Subnet load/traffic... one or many pfSense boxes?

  • At school we have 2 pfSense boxes acting as gateways, routers, DHCP, DNS res., etc. Originally one was dedicated to student traffic (WiFi, computer lab PCs, etc.) with 500 users and max 300 connected devices.
    The other one was dedicated to admin and all staff... typically 100 users and 150 devices.

    I have about 10 subnets, each in a different VLAN. We have two independent internet providers, one for each pfSense box.

    Following several threads here I was able to interconnect the two pfSense routers with a transit LAN. There are a few services that needed to be available to all users.

    My question is: in the long run, as we keep expanding and adding capabilities... is it better to centralize all routing to one beefed up dedicated pfSense router (with the option of setting a 2nd machine for failsafe/HA ) or have multiple pfSense routers with transit interfaces interconnecting them?

    If it is better to separate the load with different pfSense boxes, I think I could probably do:

    1. Student access (WiFi, computer labs, etc.) with independent WAN
      | Transit
    2. Services (IIS, SQL, DNS, printers, infrastructure GUIs, etc.) with independent WAN
      | Transit
    3. Staff access (WiFi, PCs) with independent WAN

    Right now, my pfSense boxes are running at about 10% capacity max.


  • @ruben-rothermel

    From a security standpoint, you're not gaining much, as the two networks are connected. However, you might have some fallback capability, should one ISP fail.

  • On an earlier post, one user suggested a single box handling everything. Multiple pfSense routers would be complicated to setup in HA mode. If one ISP comes down, I can still grab bandwidth from the other as I'm setting up my WANs as dual-failover. They are both independent and dedicated fiber links with multiple IPs each.

    Before I decide to move all routing to ONE beefed-up pfSense machine with 6~8 1GB ethernet ports managing 10 subnets, I just want to be really sure if that is the right direction OR if spreading the load between multiple physical machines interconnected with transit networks is a better approach for performance and future growth.

    I think the one pfSense box handling the 500 students runs at about 10% loading on its 6-core FX AMD CPU and its 16GB of RAM would easily handle the traffic for rest of the 100 staff and services.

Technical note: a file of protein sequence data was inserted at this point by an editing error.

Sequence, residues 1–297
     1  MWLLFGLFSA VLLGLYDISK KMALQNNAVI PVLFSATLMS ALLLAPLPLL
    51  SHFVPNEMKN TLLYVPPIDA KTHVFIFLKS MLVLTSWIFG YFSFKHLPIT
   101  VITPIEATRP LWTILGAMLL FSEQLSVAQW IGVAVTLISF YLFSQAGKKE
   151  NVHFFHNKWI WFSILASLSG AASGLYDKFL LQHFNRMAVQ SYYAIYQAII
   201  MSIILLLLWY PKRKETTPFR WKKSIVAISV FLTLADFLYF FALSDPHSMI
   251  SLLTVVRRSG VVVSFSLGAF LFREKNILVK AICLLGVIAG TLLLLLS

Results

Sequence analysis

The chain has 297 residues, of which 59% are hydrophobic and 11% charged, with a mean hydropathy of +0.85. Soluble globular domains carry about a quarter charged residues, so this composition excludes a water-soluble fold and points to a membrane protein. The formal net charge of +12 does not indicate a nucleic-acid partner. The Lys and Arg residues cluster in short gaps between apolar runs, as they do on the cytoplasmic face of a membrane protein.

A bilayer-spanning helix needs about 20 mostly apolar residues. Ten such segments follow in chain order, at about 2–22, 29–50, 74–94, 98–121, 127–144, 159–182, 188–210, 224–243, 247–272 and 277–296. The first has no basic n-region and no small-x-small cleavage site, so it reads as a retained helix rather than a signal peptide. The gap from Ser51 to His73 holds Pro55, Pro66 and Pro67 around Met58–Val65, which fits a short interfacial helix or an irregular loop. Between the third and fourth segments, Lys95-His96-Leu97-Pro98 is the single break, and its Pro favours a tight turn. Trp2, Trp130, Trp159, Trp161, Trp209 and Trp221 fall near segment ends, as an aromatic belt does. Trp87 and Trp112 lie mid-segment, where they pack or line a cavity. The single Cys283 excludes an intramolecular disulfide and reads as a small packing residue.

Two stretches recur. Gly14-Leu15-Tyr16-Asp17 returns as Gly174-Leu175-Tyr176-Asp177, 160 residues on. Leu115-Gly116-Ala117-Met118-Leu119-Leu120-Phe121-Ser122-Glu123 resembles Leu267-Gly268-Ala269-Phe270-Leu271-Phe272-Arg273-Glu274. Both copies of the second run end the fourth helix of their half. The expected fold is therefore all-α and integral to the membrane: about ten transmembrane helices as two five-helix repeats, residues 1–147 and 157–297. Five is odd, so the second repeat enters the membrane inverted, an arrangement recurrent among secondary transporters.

Again, this is for a ~500 student + ~100 staff boarding school with BYOD WiFi access that will need to be managed by level (secondary, junior-college) on a schedule, 50 & 30 Mbps WANs, multiple buildings on a 50+ acre campus interconnected by 1 GB fiber or 100 Mbps point-point wireless links, HP1920 switches, etc.

  • Netgate Administrator

    I would certainly go with one firewall for that setup. It's just far more flexible if you need to re-route traffic or filter stuff.
    That firewall could certainly be an HA pair though.


  • I guess I'd make that call based on how reliable the hardware is, but generally I try to go for just one box no matter the size. Just because it's an easier setup, easier planning, documentation etc. And usually less money. But there's really nothing wrong with doing your setup.

    If your main concern is uptime, I'd put one box as central router with multi-WAN and put the other one as HA to automatically take over if the first one fails. I would make a LAN network (VLAN1) for devices such as switches, AP's etc, then two or more VLAN's for users. In the past when I've built large networks I have sometimes created a 22-network ( subnet mask) just to get a few extra IP's, and sometimes I've limited them to about 50 devices per network, depending on the type of traffic. Smartphones and such is good to keep down in numbers as they broadcast a lot of traffic, but if there's *nix devices it doesn't matter as much.

    The main thing I go for is to try and keep as much as possible with software, since it's easier to replace one box and restore config than to troubleshoot and replace several boxes. Correctly done, you can even replace a router on remote with a novice customer moving a cable or two.

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